This week, airports in Glasgow, Scotland are packed with private jets (like Davos in January) as world leaders and business magnates gather in the historic city for the United Nations Climate Change Conference (COP26) to discuss the urgency of climate change and how to save Earth.
Despite their anything-but-environmentally-friendly personal lifestyle, American tech moguls at the international summit are pledging huge donations to help save the environment. On Tuesday, Amazon founder Jeff Bezos announced that he will contribute $2 billion out of his $10 billion Bezos Earth Fund to restoring natural habitats and transforming food systems.
The pledge came on the heels of a $1 billion grant Bezos announced in September to support natural conservation efforts. “Together, this $3 billion in pledges will drive a new threefold nature agenda for the Bezos Earth Fund, focused simultaneously on conservation, restoration and food transformation,” Bezos told attendees at the climate summit on Tuesday.
The former Amazon CEO, who also owns the private space exploration company Blue Origin, said he was reminded of how beautiful and fragile nature is when flying to suborbital space in a Blue Origin rocket in July.
“I was told seeing Earth from space changes the lens through which you view the world, but I was not prepared for just how much that would be true,” he said. “We must conserve what we still have, we must restore what we’ve lost and we must grow what we need to live without degrading the planet for future generations to come.”
Also on Tuesday, Bezos’ good pal Bill Gates announced that his foundation has pledged $315 million in grants to the CGIAR global agriculture research partnership to help hundreds of millions of smallholder farmers in low-income countries adapt to a surge of climate threats that have exacerbated hunger and poverty. With this latest contribution, the Gates Foundation has donated a total of more than $1 billion to CGIAR. (CGIAR formerly stands for Consultative Group for International Agricultural Research.)
The grants will focus on farmers in countries that account for a small percentage of global carbon emission but are most harmed by the consequences of global warming. “Sub-Saharan Africa, where most people work in agriculture, accounts for only 4 percent of global greenhouse gas emissions. Yet less than 2 percent of global public funding for climate-related work targets the needs of smallholder farmers. Most of this funding is focused on reducing emissions,” the Gates foundation said in a press release on Tuesday.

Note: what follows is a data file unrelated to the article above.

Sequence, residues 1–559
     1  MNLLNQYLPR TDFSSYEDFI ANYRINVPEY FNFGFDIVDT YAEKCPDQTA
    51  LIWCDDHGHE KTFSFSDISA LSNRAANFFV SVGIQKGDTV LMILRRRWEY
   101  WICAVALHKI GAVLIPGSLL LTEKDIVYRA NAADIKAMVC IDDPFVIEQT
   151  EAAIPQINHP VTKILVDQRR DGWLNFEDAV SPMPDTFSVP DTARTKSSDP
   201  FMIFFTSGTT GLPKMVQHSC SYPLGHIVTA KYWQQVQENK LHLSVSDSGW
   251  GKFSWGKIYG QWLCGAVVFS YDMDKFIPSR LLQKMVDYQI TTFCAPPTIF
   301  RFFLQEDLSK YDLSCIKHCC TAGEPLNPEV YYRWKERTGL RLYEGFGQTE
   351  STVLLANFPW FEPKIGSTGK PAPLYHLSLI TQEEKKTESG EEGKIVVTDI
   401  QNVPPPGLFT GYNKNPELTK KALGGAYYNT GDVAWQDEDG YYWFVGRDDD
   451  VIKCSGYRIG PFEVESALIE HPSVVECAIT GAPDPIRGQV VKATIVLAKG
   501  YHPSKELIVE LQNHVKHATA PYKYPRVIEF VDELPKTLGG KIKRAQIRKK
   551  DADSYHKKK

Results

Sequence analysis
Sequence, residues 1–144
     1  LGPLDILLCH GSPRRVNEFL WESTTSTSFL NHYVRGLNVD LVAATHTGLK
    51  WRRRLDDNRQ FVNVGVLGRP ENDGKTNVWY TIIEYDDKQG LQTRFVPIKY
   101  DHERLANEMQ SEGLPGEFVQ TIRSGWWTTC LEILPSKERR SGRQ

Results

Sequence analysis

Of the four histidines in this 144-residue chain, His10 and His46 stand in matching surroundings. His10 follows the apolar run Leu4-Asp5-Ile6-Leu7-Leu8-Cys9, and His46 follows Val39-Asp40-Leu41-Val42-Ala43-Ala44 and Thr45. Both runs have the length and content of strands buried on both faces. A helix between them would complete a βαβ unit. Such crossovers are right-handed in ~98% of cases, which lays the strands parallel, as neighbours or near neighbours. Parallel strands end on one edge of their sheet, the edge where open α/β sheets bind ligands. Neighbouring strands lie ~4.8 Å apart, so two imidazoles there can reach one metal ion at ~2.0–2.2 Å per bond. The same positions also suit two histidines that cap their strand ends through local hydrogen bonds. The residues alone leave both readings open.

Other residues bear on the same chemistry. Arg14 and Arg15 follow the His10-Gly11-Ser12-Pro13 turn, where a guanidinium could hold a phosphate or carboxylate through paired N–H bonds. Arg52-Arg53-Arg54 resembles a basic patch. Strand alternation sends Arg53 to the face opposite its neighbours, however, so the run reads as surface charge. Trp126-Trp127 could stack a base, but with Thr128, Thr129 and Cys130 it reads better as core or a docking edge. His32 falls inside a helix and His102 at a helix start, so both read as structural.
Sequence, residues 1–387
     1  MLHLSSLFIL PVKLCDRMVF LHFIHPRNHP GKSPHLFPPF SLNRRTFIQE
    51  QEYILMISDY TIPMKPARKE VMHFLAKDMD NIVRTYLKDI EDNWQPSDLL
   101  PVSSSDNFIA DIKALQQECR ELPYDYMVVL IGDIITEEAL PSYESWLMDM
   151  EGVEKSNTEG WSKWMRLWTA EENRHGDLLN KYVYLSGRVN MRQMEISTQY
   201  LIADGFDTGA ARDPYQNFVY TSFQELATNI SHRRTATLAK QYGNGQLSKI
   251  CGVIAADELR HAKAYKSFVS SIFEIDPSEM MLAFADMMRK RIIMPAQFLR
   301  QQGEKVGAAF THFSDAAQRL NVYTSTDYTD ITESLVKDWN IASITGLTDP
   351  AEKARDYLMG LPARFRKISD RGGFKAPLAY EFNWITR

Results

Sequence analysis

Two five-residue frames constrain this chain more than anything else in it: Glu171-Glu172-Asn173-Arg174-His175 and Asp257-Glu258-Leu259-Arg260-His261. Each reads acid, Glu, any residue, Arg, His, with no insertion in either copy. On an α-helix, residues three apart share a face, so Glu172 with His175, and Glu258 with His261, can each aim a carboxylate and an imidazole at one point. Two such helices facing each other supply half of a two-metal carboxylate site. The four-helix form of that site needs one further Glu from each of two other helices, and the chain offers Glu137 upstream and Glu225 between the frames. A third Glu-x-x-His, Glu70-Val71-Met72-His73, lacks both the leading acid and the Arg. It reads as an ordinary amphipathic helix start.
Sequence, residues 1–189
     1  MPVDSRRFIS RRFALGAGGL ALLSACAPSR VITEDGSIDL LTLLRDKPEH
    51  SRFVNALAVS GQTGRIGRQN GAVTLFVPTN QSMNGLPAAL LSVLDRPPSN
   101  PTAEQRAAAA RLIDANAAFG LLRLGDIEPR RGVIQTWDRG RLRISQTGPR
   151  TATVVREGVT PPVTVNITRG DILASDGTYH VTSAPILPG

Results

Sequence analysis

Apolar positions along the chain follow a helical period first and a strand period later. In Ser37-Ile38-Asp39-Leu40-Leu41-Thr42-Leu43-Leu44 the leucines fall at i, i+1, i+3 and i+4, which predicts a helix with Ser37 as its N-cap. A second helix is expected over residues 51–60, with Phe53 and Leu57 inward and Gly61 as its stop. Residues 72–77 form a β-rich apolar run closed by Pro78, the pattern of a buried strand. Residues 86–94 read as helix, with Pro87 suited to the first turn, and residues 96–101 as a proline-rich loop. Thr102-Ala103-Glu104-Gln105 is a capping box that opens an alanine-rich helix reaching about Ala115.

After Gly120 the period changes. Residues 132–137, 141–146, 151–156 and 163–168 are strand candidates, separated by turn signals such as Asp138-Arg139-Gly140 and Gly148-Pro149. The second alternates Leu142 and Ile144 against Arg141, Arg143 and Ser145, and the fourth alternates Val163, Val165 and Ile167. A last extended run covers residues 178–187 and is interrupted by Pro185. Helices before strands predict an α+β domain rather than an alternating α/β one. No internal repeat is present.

While these missions all sound compelling, observers on social media found it hard to reconcile billionaires’ philanthropic work with their excessively wasteful lifestyle.
“COP26 is a load of hypocritical garbage,” British politician David Kurten tweeted on Saturday. “The 30,000 climate alarmists flying in on their private jets and staying in luxury hotels while telling everyone else to give up meat, cars and gas boilers can stick their New World Order where the Sun doesn’t shine.”
Last week, Bezos and Gates were seen partying together for Gates’ 66th birthday on a Mediterranean beach, with their respective superyachts anchored nearby. Superyachts and private planes are notoriously bad for the environment. The type of superyachts Bezos and Gates own (or rent) emit about 7,000 tons of carbon dioxide per year, or 19 tons per day, according to Fast Company.
A spokesperson for the Bezos Earth Fund said Bezos’ private jet “uses sustainable aviation fuel and offsets all carbon emissions from his flights.”
This article has been updated with the Bezos Earth Fund’s statement in the last paragraph.